The biggest economic news in Chicago this week may be what happens in politics.
On Tuesday voters in Chicago will choose almost a third of the city council. And for small business owners, that has big ramifications. They know their success can hinge on who their alderman is.
In Lincoln Square, just north of Lawrence on Western Avenue, a block of small business owners learned firsthand a few years ago how powerful an alderman can be. Alderman Eugene Schulter of the 47th ward pushed forward a proposal for the city to acquire their properties and sell them to a private developer to turn into condos and retail stores.
Tim Van Le owns Decorium Furniture in the targeted block. Now, three and a half years later, he still heaves a sigh when he describes how it felt knowing he might have to relinquish his store.
“Absolutely we feel so hopeless,” Le said. “We really felt like we had no word.”
Just next door is Chicago Soccer, which sells cleats and other soccer gear. Imre Hidvegi is one of the owners. He led the campaign to fight Alderman Schulter's plan.
“It steamrolled so quickly we didn’t even have a chance to sit down and ask wait, why, how, what’s going on here? I equate it to a violent attack,” Hidvegi says with a laugh.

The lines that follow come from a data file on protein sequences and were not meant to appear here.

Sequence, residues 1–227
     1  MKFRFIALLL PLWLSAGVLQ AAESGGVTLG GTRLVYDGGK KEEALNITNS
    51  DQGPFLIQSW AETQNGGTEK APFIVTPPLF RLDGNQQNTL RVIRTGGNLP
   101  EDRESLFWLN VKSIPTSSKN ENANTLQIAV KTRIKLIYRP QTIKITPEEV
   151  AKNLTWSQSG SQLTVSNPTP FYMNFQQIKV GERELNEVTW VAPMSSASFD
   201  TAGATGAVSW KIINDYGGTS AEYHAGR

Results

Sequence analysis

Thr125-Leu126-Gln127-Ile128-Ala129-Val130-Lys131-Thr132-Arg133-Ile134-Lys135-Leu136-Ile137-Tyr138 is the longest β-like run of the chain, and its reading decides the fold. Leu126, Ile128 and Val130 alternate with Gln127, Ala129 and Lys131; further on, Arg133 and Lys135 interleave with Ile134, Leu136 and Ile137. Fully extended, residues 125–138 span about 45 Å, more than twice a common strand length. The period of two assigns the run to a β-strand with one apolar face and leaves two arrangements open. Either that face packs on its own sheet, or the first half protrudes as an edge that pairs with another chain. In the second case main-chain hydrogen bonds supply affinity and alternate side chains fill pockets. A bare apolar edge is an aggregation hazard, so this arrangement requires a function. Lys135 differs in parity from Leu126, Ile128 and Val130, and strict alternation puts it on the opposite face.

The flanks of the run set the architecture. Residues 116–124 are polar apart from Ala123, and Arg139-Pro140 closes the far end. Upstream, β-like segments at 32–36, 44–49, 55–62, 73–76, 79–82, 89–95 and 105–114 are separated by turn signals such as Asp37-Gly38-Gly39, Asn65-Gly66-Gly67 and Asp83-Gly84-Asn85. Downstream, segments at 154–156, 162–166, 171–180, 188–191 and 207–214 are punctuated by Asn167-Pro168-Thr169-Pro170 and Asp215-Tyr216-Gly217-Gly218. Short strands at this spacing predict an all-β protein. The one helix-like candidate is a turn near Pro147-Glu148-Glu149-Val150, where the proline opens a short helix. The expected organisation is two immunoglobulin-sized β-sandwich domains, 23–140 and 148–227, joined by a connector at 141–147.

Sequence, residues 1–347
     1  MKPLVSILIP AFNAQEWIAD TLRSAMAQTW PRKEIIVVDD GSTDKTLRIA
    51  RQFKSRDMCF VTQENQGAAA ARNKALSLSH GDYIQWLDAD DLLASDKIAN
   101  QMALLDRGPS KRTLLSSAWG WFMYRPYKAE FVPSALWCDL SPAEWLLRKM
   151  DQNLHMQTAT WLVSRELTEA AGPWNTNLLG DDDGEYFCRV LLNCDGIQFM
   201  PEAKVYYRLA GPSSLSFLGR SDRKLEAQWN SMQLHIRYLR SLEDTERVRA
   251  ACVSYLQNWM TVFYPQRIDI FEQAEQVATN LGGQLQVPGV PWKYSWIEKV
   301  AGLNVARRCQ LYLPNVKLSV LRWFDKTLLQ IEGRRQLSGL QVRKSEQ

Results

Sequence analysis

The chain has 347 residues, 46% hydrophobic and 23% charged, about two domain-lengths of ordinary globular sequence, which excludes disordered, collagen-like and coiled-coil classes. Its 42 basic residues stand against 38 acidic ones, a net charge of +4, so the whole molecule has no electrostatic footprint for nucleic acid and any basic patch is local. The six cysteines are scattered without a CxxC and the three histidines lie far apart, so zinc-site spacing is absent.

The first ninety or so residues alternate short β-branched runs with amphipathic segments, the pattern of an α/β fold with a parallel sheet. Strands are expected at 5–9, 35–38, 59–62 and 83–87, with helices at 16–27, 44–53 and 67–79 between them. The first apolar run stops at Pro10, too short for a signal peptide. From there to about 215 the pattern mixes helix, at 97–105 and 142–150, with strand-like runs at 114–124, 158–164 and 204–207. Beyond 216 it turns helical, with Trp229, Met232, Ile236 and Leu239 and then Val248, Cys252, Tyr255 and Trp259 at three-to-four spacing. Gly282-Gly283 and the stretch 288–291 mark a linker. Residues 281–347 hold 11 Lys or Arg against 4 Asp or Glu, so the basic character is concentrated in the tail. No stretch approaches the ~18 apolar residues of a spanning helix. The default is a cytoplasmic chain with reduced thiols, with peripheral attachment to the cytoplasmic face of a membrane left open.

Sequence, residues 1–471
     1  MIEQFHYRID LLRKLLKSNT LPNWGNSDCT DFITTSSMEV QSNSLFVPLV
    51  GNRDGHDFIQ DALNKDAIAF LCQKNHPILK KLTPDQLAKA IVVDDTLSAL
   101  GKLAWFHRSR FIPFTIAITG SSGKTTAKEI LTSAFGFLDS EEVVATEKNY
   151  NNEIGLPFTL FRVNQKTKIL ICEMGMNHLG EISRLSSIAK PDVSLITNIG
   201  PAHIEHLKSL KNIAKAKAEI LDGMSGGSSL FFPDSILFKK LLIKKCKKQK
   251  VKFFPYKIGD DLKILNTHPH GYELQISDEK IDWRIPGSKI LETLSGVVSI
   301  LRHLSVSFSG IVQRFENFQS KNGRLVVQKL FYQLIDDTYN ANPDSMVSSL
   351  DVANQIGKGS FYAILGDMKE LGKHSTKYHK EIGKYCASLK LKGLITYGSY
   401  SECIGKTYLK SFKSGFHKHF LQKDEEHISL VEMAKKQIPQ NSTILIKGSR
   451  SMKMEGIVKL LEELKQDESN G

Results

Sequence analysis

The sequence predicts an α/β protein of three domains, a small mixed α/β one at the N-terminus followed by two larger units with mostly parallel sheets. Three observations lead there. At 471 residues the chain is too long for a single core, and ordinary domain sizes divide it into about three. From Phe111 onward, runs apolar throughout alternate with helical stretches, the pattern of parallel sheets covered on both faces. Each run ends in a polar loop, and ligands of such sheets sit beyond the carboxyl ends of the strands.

He can laugh now because they rallied enough protesters to get Alderman Schulter to drop the idea. Schulter didn't respond to calls seeking comment.
That attempted land grab was pretty brazen, but every day aldermen are asked to sign permit applications for things like awnings and sidewalk cafes. And they get notice from the city for every building permit and license application. That can have business owners feeling like they have to make nice with their alderman.
George Fink is president of the Lincoln Square Chamber of Commerce. He says he senses fear on the part of small business owners.
“That’s the general feeling in the public that oh well, we can’t do anything unless we go through the alderman to do it,” Fink said. “Is that a good feeling for free people? No, I don’t think so.”
Elizabeth Milnikel agrees. She's researched the regulatory environment in Chicago as part of her work as director of the IJ Clinic on Entrepreneurship at the University of Chicago. It’s a law clinic with a libertarian bent that works with lower-income entrepreneurs. She says Chicago's political system vests too much control in each individual alderman.
“It puts a lot of power in one person and that person can be the gatekeeper for a business that’s really trying to get started, trying to flourish in a community,” Milnikel said.
Milnikel says making things easier for small businesses is even more important right now as the city tries to pull out of the recession and create jobs. But she says some businesses can’t even get off the ground if they don’t have buy-in from the alderman. She cites the case of one of her clients who wants to open up a day care but was told by the alderman there were already enough day cares in the area.